What does it mean to be a Latinx woman leader in Minnesota?

This week’s edition covers stories 
from March 9th to March 15th, 2023.

Today’s issue is 1000 words, a 7.7minute read.

In today’s edition: Isabella and Helene talk a reflection on LatinoLEAD’s LatinActivista Event, the 95th Oscars ceremony, and Honor the Earth at 30: Reflections on the Movement at Macalester College.

Good morning NewPrensa readers, 

Isabella here. It’s officially pothole season! If you drive or ride a bike, you probably haven’t driven in a straight line for the past month or so.  Fingers crossed that the cities begin to cover up these tire killers and we can ride straight, comotion-less into the sunset since now the sun sets at 8 p.m.! Thank you daylight savings time – but also, not?

In this past week: The $250 million dollar Feeding Our Future fraud has charged 60 people. Six have pleaded guilty, and 10 were recently charged against on Monday Mar. 13. The case alleges how multiple nonprofits used federal government funding meant to feed underprivileged children for a money embezzlement scheme, which began in September 2023 (More from NewPrensa’s 221 issue here). 

Monday was also a great day for Minnesota tribal leaders who had a space at Minnesota’s Capitol to speak on issues of great importance to 11 federally-recognized Indian tribes with state lawmakers. More on the hosted Sovereignty Day at the Capitol from MPR

My song of the week: Last Words by Kenny Beats (ft. Remi Wolf)

“Grandmothers” 24 x 30″  📸  Zamara Cuyún

I attended the LatinActivista ‘23 event on Tuesday, hosted by LatinoLEAD, Mujeres Latinas Unidas MN, and the Minnesota Museum of American Art. The event featured local Guatemala-Minnesotan artist Zamara Cuyún (“Gringindia“), whose presentation sparked meaningful conversations among attendees through her own art and the representation of Latina women.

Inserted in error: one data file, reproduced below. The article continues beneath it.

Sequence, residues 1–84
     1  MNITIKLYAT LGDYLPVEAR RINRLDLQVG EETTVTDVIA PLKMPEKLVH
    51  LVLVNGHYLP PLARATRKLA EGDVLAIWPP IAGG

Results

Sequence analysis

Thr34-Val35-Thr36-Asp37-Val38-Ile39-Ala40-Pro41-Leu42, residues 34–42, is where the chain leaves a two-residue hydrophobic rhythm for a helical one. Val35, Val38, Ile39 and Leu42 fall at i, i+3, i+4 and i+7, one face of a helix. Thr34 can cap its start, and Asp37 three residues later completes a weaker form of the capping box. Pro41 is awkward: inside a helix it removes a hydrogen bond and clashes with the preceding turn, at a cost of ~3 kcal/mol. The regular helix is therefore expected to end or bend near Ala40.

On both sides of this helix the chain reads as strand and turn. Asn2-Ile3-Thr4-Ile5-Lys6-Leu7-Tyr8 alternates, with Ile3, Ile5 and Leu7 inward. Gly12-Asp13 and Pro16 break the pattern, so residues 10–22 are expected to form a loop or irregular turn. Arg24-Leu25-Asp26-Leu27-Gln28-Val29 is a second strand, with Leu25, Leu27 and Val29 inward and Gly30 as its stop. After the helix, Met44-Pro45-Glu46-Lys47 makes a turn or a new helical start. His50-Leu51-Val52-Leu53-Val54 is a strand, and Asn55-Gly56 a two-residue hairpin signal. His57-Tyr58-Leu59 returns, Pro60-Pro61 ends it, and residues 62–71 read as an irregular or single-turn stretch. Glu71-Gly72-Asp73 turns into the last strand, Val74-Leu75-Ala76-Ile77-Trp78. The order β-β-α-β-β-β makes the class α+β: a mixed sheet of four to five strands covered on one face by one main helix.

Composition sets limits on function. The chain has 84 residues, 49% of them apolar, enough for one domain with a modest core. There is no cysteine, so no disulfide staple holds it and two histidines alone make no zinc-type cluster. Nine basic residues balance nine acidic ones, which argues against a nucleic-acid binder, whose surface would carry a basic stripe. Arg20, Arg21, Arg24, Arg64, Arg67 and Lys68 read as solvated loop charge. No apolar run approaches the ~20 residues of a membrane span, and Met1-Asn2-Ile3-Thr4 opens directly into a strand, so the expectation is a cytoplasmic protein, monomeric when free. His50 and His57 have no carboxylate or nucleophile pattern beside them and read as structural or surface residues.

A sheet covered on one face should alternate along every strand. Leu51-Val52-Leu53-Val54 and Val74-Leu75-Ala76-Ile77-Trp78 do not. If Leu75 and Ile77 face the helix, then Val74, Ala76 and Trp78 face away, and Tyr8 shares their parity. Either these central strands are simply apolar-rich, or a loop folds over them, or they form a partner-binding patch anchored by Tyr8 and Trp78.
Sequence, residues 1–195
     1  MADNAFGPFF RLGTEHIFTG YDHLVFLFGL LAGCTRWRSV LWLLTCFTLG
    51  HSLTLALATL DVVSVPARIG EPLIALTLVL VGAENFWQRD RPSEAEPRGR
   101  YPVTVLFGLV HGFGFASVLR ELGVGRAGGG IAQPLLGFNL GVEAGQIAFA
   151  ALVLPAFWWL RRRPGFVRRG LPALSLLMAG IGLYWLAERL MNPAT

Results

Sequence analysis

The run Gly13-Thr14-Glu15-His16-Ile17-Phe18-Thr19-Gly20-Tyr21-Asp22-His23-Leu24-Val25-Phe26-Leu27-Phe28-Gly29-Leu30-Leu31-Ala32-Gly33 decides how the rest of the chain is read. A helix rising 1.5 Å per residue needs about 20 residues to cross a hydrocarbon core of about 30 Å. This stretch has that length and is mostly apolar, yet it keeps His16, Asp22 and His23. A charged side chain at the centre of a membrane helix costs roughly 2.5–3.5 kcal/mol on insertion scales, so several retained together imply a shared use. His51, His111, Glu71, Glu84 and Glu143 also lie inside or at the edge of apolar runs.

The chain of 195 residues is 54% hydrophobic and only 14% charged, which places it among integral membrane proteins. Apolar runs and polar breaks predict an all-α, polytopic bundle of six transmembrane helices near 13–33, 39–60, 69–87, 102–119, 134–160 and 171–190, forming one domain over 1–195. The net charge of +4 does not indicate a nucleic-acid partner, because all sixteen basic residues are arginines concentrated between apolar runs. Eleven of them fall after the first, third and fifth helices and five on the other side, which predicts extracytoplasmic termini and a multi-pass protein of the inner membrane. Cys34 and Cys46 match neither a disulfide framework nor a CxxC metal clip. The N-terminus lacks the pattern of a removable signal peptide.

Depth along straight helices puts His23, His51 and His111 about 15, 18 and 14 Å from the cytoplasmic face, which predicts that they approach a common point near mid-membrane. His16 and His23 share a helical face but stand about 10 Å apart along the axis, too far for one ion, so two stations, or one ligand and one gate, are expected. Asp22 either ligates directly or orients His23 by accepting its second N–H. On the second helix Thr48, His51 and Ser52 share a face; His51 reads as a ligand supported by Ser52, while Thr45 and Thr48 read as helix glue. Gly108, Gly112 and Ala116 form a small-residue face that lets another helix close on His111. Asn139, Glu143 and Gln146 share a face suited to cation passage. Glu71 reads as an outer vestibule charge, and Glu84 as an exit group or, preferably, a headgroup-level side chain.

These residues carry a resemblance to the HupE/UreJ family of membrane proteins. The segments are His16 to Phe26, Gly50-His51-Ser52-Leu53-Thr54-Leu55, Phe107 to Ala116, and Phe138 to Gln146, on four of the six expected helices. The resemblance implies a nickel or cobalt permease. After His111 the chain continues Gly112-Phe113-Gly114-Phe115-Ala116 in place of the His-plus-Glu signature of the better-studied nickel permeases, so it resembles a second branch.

Attendees at the LatinActivista ’23 event were prompted to consider the meaning of being a Latinx woman leader in Minnesota. In discussions with a group of women, topics such as diversity, machismo, representation, and generational trauma were touched upon. Despite differences in experience among women of different ethnic backgrounds, it was acknowledged that the Latinx woman’s experience is unique due to generational trauma and systemic oppression.

Cuyún showed an image of a sculpture by Thomas Crawford, “Mexican Girl Dying, that is shown at the Metropolitan Museum of Art in New York. We see a young Indigenous woman positioned in an awkward, delicate – and a somewhat sensual way. This is how we’re represented. The modern day representation is Salma Hayek or Sofia Vergara, who are beautiful, curvy, and “passionate” women with heavy spanish-speaking accents. Our image is limited not only by Western society’s representation of us but, also, our own machista cultures that expect such appearance and a submissiveness. In a culture where many Latino households are held up by women, decades of subtle matriarchies, women are still expected to obey the patriarchal oppressive system to identify and abide by laws and standards no longer applicable. 

As Latinx women, we live our days defensively. Whether directly or indirectly attacked, most days are lived by having to define who we are and where we come from because of our accents, our appearance, our food, etc. We also live defensively in our own homes, having to stand up to men in our families for our rights and the respect we deserve. To be who we want to be, despite where we come from. And that we, too, can be powerful, strong, and transformative. That these qualities generally associated with a man are as – or more – beautiful in a woman, too.